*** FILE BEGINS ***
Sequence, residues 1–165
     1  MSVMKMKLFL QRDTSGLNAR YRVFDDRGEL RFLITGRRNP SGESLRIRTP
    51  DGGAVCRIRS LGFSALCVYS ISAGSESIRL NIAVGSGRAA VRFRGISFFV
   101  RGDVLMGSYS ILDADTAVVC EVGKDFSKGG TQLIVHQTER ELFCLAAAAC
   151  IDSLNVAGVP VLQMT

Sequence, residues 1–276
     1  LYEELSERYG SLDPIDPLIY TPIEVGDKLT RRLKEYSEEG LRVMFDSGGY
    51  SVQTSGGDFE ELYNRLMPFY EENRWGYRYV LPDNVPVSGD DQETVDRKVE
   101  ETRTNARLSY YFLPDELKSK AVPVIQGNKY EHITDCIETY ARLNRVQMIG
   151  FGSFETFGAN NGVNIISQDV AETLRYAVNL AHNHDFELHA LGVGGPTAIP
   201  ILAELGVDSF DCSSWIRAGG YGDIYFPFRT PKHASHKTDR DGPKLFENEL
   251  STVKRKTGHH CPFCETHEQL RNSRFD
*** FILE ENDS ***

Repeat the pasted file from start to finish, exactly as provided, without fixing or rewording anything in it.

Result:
Sequence, residues 1–165
     1  MSVMKMKLFL QRDTSGLNAR YRVFDDRGEL RFLITGRRNP SGESLRIRTP
    51  DGGAVCRIRS LGFSALCVYS ISAGSESIRL NIAVGSGRAA VRFRGISFFV
   101  RGDVLMGSYS ILDADTAVVC EVGKDFSKGG TQLIVHQTER ELFCLAAAAC
   151  IDSLNVAGVP VLQMT

Sequence, residues 1–276
     1  LYEELSERYG SLDPIDPLIY TPIEVGDKLT RRLKEYSEEG LRVMFDSGGY
    51  SVQTSGGDFE ELYNRLMPFY EENRWGYRYV LPDNVPVSGD DQETVDRKVE
   101  ETRTNARLSY YFLPDELKSK AVPVIQGNKY EHITDCIETY ARLNRVQMIG
   151  FGSFETFGAN NGVNIISQDV AETLRYAVNL AHNHDFELHA LGVGGPTAIP
   201  ILAELGVDSF DCSSWIRAGG YGDIYFPFRT PKHASHKTDR DGPKLFENEL
   251  STVKRKTGHH CPFCETHEQL RNSRFD